FCA To Suggest 1 Year Mortgage Holiday Extension

In a bid to avoid repossessions, the Financial Conduct Authority (FCA) are looking at various scenarios of extending mortgage holidays for up to a year.

Although the economy is set to bounce back fairly quickly, the financial sector is concerned that the initial three month mortgage break will not be enough to prevent defaults and repossessions unless further and longer term intervention is offered, according to The Times.

The publication claims the FCA has organised a formal discussion with the banking sector tomorrow to discuss the various scenarios which could be offered to avoid home repossessions on the scale witnessed in the 1980s and 90s which could happen if the current mortgage holidays end as planned in July.

Last week, the Bank of England predicted that unemployment could double in the UK to 9 per cent by the end of 2020. Whilst experts anticipate a quick upturn once industry and business are permitted to operate at pre-virus levels, with unemployment likely to exceed three million people by the end of this year, too many homeowners will need help to weather the economic storm.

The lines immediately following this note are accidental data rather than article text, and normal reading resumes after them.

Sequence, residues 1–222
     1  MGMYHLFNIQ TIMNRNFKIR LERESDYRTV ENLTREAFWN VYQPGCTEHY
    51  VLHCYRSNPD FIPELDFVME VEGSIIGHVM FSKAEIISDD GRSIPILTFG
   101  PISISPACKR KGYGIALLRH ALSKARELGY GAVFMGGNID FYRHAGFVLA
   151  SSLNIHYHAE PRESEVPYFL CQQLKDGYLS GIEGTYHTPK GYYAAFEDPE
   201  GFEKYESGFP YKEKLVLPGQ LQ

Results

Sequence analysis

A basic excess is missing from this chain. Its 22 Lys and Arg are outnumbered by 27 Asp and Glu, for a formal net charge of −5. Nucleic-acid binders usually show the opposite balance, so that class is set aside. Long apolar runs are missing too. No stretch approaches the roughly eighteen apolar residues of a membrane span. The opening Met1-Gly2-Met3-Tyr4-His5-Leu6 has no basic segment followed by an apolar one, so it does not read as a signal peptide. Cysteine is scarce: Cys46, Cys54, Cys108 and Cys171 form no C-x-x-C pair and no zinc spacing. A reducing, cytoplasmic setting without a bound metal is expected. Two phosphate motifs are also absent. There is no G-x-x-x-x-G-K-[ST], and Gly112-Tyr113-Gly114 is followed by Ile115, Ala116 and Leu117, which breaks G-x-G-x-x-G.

One scenario will see an extension to the payment holiday, for those who require the extension, by up to 18 months. This holiday extension may benefit those on furlough or recently made unemployed but have a proven track record of consistently making repayments. However, this option will see interest continue to accrue and may make repayments, once they restart, unsustainable and unaffordable.

Other scenarios could involve adapting mortgages from repayment to interest only options for the short term to help reduce the amount owed each month. This will also ensure interest is not piling up to unmanageable levels.

The financial regulator is also expected to suggest banks and building societies employ and train more debt advisers to pre-empt the increased levels of concerned homeowners likely to be impacted by Covid-19. The Times claim that the UK only has around a quarter of debt advisers needed to service the increased demand.

 

 

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